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Close monitoring of oil spill’s long-term impact urged

April 2, 2007

By Nestor P. Burgos Jr.
The News Today,
April 2, 2007

SCIENTISTS have stressed the importance of continuous and close monitoring of the long-term impact of the oil spill in Guimaras after it was confirmed that almost all of the total 2.1 million liters of bunker fuel cargo of Solar I was spilled.

The monitoring and researches would determine the impact of the bunker fuel on the affected habitat especially hundreds of hectares of contaminated mangroves, said Glenn Aguilar, University of the Philippines in the Visayas chancellor and head of the technical and scientific advisory group of the Task Force Solar I Oil Spill.

Aguilar said in a briefing Friday that strict monitoring is critical not only in assessing and addressing the impact in Guimaras but also in formulating protocols to respond to future oil spills.

Officials of the Task Force SOS have declared that almost all of the cargo of the sunken tanker has been spilled after minimal oil was recovered in the three-week operation undertaken by salvaging and recovery firm Sonsub.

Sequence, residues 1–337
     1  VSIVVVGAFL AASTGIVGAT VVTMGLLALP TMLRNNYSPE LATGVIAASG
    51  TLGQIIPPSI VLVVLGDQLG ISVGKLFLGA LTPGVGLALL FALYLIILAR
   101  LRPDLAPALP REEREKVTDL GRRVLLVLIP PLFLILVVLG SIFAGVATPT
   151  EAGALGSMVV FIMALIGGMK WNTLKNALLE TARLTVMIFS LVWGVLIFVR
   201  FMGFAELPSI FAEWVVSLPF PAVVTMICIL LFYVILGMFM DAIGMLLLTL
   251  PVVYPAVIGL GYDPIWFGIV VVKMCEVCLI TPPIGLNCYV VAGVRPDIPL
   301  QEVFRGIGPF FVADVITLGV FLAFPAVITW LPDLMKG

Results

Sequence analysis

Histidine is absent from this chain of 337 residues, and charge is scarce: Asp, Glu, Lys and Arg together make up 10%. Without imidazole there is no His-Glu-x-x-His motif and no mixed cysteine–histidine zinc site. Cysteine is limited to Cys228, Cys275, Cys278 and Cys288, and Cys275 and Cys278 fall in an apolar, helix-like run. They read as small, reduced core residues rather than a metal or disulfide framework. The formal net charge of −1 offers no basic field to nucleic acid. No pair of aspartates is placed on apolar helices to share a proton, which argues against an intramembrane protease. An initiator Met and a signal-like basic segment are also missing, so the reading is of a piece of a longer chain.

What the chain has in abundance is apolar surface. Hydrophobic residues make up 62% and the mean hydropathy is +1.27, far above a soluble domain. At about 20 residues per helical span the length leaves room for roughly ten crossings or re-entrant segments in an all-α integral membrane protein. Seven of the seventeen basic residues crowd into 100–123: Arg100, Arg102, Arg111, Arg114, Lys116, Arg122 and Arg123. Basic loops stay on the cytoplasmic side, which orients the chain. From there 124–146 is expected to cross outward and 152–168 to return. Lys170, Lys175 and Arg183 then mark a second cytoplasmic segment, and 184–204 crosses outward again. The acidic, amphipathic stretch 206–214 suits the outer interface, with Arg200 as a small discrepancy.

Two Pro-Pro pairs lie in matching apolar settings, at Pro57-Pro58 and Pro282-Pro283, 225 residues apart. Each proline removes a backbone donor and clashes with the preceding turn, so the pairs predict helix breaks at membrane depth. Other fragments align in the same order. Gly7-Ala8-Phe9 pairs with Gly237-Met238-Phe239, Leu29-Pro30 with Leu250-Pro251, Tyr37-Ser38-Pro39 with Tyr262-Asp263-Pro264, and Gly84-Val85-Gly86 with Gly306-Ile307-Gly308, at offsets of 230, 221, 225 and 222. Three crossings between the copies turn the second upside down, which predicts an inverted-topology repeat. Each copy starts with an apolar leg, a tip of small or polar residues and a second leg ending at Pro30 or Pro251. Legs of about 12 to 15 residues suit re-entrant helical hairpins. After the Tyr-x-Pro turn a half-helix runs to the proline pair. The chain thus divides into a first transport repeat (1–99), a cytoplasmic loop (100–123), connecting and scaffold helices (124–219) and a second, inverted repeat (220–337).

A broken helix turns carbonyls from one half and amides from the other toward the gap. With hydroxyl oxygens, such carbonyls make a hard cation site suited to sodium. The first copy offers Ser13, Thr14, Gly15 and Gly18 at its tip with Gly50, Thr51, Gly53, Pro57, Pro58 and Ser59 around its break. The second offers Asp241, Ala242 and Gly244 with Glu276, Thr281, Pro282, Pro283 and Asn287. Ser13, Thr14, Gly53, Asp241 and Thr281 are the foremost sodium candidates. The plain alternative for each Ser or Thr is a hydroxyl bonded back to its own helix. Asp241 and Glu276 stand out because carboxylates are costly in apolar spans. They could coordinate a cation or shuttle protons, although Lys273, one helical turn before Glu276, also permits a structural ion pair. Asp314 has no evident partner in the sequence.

Carlos Tan, Petron spokesperson for the oil spill incident, said less than 5,000 liters of bunker fuel have been recovered from the ten cargo tanks of the Solar I wreck, lying 639 meters underwater 9 miles south of the island-province of Guimaras.

The recovery operations ended yesterday and the demobilization of all equipment and personnel involved in the$6 million-operation will be completed this week.

“The threat to further spillage is gone,” said Glen Rabonza, executive officer of the National Disaster Coordinating Council.

Rabonza said agencies can now focus on the rehabilitation and restoration of damaged the environment.

Presidential Assistant for Western Visayas Rafael Coscolluela, head of the TF SOS, said stronger laws and rules are necessary for a more effective response to oil spills.

He said they would also work on defining protected sea lanes and routes which would keep away vessels especially those carrying hazardous material from sensitive areas.

There is also a need to institute disaster response preparedness programs to prepare villages especially near the coastline to respond to oil spills.

Coscolluela said a major concern in the rehabilitation efforts is the release of the bulk of the P867 million rehabilitation fund approved by Congress last year.

“We have yet to see substantial release of rehabilitation funds,” said Coscolluela.

Aguilar said scientists are also formulating an Environmental Sensitivity Index which would serve as a guide not only for Guimaras but for other areas. The index will define areas and habitat sensitive to oil spills and the science-based protocol to respond to any oil spill incidents.

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